Troicki’s resistance to having his blood drawn at the requested time was greeted with surprise and incredulity in both media and player circles.  A typical response, for instance, was to point out that “the rule is there for a reason and is pretty simple.”  The thing is, there’s not much evidence to support the claim, made by too many to name, that Troicki disregarded or didn’t understand the rules.  He reported to the Doping Control Station directly after his match, gave the required urine sample, and then asked to be excused from giving blood; he also delayed signing the requisite form until after he’d had a discussion with the DCO.  Say what you will about those last two steps and their implications (and I’ll say lots more about the former), the fact is that neither of them is against the rules and actually show an awareness of them.  Nevertheless, people discussing the case and Troicki’s reaction to the penalty implied that he “arbitrarily” broke the rules by “skipping” a test, as if he rather capriciously failed to show up altogether, and was then confused about why he got in trouble.

One of the most frequently misrepresented aspects of the case is the suggestion that Troicki asked to and “claims he was told by the ITF official that he could take the test the next day.”  In fact, Troicki did not ask to take the blood test the next day.  What he was after was not a 24-hour delay but a pass, essentially, until the next time he was randomly selected for testing.  Per the IADT report, “he asked if there was any chance that he did not have to give blood on that occasion” (15b).  In Troicki’s own words, from the explanatory note he appended to the required form: “I always did blood tests before, and I [will] do them in the future, but today I was not [able to] provide [a] blood sample” (15e; my emphasis).  That he ended up giving blood the next day is almost entirely a result of the fact that the DCO herself initiated contact with him.  She went looking for him, enlisted the ATP supervisor’s help in finding him (recall that, as he had lost the day before, Troicki was officially out of the tournament), and told Viktor “there could be a problem” (see sections 21-24I).  Upon hearing that, as if for the first time, the player then asked, “Does it make any sense to do the blood test today, since I am feeling better today?”  If the DCO were entirely confident about how she’d handled the previous day’s encounter, would she have gone in search of him and would he have had the opportunity to ask this question?  We’ll never know.  But the fact is that she certainly didn’t need to talk to him or take his blood the next day.  Nor was that procedure something Troicki, who left the DCS the day before thinking he’d gotten out of the blood test altogether, is likely to have requested if left to his own devices.  Why this is so will be discussed in the next section.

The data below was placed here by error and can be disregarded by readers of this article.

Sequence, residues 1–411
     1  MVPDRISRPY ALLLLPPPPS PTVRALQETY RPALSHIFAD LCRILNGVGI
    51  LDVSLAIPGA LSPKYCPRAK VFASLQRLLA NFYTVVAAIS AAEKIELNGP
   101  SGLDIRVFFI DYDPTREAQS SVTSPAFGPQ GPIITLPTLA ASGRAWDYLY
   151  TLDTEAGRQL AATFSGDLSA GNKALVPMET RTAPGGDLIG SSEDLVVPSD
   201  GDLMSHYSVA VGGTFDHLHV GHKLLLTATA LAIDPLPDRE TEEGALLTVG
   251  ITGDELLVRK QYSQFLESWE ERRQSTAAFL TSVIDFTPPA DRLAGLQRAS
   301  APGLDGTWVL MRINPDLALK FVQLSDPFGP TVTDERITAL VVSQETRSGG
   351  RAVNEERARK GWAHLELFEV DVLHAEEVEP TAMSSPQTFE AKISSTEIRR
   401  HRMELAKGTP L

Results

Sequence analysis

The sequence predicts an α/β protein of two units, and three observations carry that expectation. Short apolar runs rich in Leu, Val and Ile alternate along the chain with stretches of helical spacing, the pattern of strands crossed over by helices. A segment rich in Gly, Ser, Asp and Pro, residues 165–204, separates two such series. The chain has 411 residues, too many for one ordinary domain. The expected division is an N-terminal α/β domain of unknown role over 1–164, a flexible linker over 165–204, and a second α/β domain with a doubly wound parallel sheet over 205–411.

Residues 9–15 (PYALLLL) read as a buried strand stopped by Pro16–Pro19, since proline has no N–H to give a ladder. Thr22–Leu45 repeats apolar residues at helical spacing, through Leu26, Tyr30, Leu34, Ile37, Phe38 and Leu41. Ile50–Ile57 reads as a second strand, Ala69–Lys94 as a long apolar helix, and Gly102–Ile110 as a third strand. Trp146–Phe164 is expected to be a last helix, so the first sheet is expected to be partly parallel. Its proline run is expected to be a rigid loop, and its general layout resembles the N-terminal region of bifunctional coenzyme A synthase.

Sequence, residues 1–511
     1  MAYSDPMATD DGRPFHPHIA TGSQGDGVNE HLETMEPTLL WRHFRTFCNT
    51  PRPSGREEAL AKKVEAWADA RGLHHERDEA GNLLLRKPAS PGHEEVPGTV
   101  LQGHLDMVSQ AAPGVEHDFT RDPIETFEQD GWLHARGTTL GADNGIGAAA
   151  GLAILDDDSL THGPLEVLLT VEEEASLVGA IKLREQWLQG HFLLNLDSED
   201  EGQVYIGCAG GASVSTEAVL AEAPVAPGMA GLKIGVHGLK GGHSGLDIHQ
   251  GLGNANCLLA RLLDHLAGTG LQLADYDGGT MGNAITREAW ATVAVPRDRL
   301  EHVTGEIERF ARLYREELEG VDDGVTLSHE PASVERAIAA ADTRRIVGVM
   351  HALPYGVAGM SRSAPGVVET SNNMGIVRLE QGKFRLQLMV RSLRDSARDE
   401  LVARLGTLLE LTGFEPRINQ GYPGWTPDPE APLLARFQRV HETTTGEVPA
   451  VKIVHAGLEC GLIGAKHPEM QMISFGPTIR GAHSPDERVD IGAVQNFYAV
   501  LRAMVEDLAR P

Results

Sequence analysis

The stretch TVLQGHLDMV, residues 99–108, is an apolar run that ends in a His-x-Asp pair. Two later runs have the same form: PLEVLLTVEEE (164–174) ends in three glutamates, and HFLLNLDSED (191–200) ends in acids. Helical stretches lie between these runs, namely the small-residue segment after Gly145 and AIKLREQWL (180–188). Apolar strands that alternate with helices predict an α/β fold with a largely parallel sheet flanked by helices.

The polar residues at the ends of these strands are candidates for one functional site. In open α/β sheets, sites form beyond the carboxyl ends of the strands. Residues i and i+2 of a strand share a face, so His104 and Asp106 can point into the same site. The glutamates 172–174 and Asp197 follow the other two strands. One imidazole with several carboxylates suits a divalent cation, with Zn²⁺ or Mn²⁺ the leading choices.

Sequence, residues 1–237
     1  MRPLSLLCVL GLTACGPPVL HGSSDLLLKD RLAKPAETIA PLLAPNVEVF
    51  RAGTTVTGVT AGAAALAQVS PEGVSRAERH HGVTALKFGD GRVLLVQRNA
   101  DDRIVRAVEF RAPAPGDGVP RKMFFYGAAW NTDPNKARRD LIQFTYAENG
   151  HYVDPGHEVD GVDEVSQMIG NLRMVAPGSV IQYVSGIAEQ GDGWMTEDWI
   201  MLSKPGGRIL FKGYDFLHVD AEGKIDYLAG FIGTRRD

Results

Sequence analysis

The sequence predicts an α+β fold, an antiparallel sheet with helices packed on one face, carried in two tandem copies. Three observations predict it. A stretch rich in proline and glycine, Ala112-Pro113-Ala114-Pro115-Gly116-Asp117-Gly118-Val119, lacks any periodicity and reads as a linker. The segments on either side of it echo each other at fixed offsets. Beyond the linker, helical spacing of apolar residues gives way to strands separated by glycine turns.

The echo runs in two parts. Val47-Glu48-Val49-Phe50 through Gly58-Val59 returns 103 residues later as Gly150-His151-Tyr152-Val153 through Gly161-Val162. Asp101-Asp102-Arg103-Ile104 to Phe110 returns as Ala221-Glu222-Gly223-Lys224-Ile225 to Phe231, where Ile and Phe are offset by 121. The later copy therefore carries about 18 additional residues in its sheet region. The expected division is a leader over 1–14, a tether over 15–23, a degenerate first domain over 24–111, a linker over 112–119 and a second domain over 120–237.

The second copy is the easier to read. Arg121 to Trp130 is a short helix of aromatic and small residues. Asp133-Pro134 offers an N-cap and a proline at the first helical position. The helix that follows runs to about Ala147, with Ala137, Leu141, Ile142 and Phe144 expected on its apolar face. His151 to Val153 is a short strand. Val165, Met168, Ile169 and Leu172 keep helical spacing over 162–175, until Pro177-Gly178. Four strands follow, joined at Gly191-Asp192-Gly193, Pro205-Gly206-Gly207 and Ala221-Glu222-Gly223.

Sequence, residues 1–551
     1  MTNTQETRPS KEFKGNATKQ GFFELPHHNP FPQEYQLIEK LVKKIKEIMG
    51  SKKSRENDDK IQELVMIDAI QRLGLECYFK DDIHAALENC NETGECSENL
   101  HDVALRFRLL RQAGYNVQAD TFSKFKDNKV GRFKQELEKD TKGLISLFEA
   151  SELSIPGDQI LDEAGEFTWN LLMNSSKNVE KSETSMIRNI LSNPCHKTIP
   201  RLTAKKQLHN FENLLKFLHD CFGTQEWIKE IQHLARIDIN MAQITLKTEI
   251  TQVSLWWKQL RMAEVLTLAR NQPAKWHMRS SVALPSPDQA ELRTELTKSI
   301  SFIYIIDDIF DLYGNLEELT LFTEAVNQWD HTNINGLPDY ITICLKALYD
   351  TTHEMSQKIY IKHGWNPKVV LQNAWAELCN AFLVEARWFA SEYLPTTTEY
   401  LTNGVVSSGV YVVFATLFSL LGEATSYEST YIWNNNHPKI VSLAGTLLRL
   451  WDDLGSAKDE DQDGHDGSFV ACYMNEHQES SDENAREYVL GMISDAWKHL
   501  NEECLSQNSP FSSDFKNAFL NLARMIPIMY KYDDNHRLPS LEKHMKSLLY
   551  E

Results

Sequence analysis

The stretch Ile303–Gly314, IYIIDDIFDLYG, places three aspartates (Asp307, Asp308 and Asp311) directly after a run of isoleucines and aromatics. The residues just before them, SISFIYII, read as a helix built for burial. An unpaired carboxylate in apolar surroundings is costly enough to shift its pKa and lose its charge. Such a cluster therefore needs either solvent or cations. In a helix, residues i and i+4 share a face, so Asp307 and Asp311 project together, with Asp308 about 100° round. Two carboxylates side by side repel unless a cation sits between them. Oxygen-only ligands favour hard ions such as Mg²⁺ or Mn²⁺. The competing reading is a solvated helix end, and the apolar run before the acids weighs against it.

2. Feel free to admit when there’s something you don’t know.

Socrates: “Well, I am certainly wiser than this man.  It is only too likely that neither of us has any knowledge to boast of; but he thinks that he knows something which he does not know, whereas I am quite conscious of my ignorance.  At any rate, it seems that I am wiser than he is to this small extent, that I do not think that I know what I do not know.”                                                                                              —Plato, Apology